3) It was now time to get colour and paint. We went online to look at some of Lichtensteins Artwork. Below is our exploration of Lichtenstein art. But let me finish the project description for you first. We tried to only use primary colours, red, blue and yellow, as well as some white and black. Red Ted REALLY wanted to use a little green too, so I let him (well, it is HIS artwork afterall). I did discuss that when you print comics, in the old days it was done by overlaying different coloured tiny dots to achieve different colours. To get pink, you need to do tiny red dots on white etc. So, Red Ted using Q-tips dotted the face and arms and painted the rest (again with Q-tips, he loved using them as brushed). Pip Squeak also had a go.
The final result DOES look a little bit like an explosion of chicken pox. Clearly our dots are a little bit big, but we had fun doing it. Red Ted also made me take the painting “as far away as possible”, so he could see if it started looking a little bit more pink….
4) The only thing that is “missing” would be a signature, tongue and cheek “speech bubble”. We didn’t get that far in our project (it was a sunny day), but I wonder if I can get Red Ted to think up of something simple and expressive to add in the coming days!
As mentioned above, an hour or so later, he asked if he could do another one and chose a favourite holiday snap to paint. Lovely.
Pip Squeak generally seemed less interested, (unusually so), I think she thought we were doing “homework” and left us to it!
Red Ted’s “additional” project. Top Tip: if you are using acetate like us. MAYBE use a wipable marker, so that IF there is a mistake that really frustrates you child, they can wipe it away.
LICHTENSTEIN FOR KIDS
Roy Lichtenstein is an American Pop Artists (check out our Andy Warhol project from previous Kids Get Artys). Lichtenstein liked to represent emotional matters in an impersonal manner. He also based his artwork on existing comics, adverts or wrappers – and recreating small elements in a large (huge) scale.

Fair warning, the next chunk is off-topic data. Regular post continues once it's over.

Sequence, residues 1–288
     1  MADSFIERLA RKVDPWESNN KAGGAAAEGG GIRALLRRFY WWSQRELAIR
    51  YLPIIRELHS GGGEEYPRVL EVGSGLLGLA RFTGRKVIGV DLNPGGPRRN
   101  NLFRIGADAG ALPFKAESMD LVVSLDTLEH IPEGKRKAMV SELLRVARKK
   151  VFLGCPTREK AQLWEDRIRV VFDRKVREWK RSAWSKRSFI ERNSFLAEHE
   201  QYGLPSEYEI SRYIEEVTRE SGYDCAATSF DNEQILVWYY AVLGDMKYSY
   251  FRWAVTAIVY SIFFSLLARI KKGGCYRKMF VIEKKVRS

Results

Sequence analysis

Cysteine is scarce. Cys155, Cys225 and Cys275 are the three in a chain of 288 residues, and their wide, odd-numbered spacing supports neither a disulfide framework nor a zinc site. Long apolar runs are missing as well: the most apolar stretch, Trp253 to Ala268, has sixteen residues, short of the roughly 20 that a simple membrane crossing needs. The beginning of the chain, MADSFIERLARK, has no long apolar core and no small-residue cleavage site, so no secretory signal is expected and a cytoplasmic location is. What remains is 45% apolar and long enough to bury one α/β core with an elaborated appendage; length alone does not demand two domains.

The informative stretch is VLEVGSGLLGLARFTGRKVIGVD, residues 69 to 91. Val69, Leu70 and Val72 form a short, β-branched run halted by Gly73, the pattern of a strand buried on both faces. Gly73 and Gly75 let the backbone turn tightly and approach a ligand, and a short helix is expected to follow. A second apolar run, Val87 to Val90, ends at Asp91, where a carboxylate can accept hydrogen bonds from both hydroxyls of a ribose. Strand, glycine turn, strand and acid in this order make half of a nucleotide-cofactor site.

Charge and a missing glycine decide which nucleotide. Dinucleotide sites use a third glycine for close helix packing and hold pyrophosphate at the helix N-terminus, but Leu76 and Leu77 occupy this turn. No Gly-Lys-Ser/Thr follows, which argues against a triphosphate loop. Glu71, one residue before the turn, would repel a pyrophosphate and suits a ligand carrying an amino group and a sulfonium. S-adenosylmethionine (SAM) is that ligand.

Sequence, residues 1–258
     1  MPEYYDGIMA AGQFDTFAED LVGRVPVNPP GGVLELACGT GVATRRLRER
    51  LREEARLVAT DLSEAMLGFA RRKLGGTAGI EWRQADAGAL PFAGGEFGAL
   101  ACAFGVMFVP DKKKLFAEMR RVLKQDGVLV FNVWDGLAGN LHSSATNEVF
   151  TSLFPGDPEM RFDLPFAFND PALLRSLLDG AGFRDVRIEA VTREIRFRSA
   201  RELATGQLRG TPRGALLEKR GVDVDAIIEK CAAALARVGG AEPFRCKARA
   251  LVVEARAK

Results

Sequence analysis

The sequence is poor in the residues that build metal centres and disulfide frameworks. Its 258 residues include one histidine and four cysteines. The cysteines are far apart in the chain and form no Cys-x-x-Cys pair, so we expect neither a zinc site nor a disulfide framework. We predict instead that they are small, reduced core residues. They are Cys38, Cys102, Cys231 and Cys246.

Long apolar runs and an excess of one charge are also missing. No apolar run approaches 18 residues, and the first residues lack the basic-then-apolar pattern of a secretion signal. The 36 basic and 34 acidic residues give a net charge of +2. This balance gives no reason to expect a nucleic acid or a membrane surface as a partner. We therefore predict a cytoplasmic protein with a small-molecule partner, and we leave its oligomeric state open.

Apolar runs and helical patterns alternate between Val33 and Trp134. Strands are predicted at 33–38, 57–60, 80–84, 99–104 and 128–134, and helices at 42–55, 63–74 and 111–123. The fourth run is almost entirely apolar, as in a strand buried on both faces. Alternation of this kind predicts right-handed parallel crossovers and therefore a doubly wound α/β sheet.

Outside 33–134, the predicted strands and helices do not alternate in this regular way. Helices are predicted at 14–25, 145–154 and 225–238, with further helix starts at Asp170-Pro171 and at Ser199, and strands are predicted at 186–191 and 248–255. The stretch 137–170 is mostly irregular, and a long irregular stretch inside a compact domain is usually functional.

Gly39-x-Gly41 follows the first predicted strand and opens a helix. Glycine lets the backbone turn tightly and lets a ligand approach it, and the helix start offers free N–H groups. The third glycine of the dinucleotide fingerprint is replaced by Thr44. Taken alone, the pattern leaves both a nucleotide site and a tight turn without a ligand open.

When we chose the photos above, we chose photos that meant something to Red Ted – one was of him with the school bear about a year ago. The other was a picture of him on our holiday last year. Lichtenstein simplifies the emotions in his artwork – so it is important for us to use pictures that mean something to us.
By tracing only Red Ted and his teddy, we are emphasising an highlighting the important part of the photo. The rest disappears and doesn’t matter.
Looking at Lichtenstein’s work, you can also see that he only uses primary colours (very occassionally you will see a little green in use), but in essence you are working with red, blue and yellow and of course white and black – this is mainly because Comic strips used to be printed in this fashion – overlaying different primary colours to achieve new colour combinations.
I asked Red Ted how you make “pink”, he said with red and white (good boy!!). So to get a “pink” colour in a Lichtenstein painting – you need to red dots on a white background. Then if you step very far away, it starts to look pink. Well, in theory anyway! Our artwork looked a bit more like chicken pox, but still, it is all about the discussion.
Whilst researching different pieces of art, Red Ted was totally taken by this website -that recreated Lichtenstein artwork in “real life”. I think it also made him feel differently about his own “chickenpox” paintings and think abut how the pictures were being created.
Roy Lichtenstein’s Eye
“Pop Art looks out into the world. It doesn’t look like the painting of something, it looks like the thing itself” Roy Lichtenstein
Red Ted was fascinated by some of the details and also by the fact that Lichtenstein seemed to “do a lot of girls” and “not so many boys” (why, Mummy?!). I am hoping that we do get to see a real Lichtenstein soon, as I also want to show him how BIG they are. i.e. not A4 or A3 sheets of paper, but large scale paintings. I wonder if it would be easier for him to then see some of the “dots”.
More GREAT Artist Projects for Kids to learn and explore…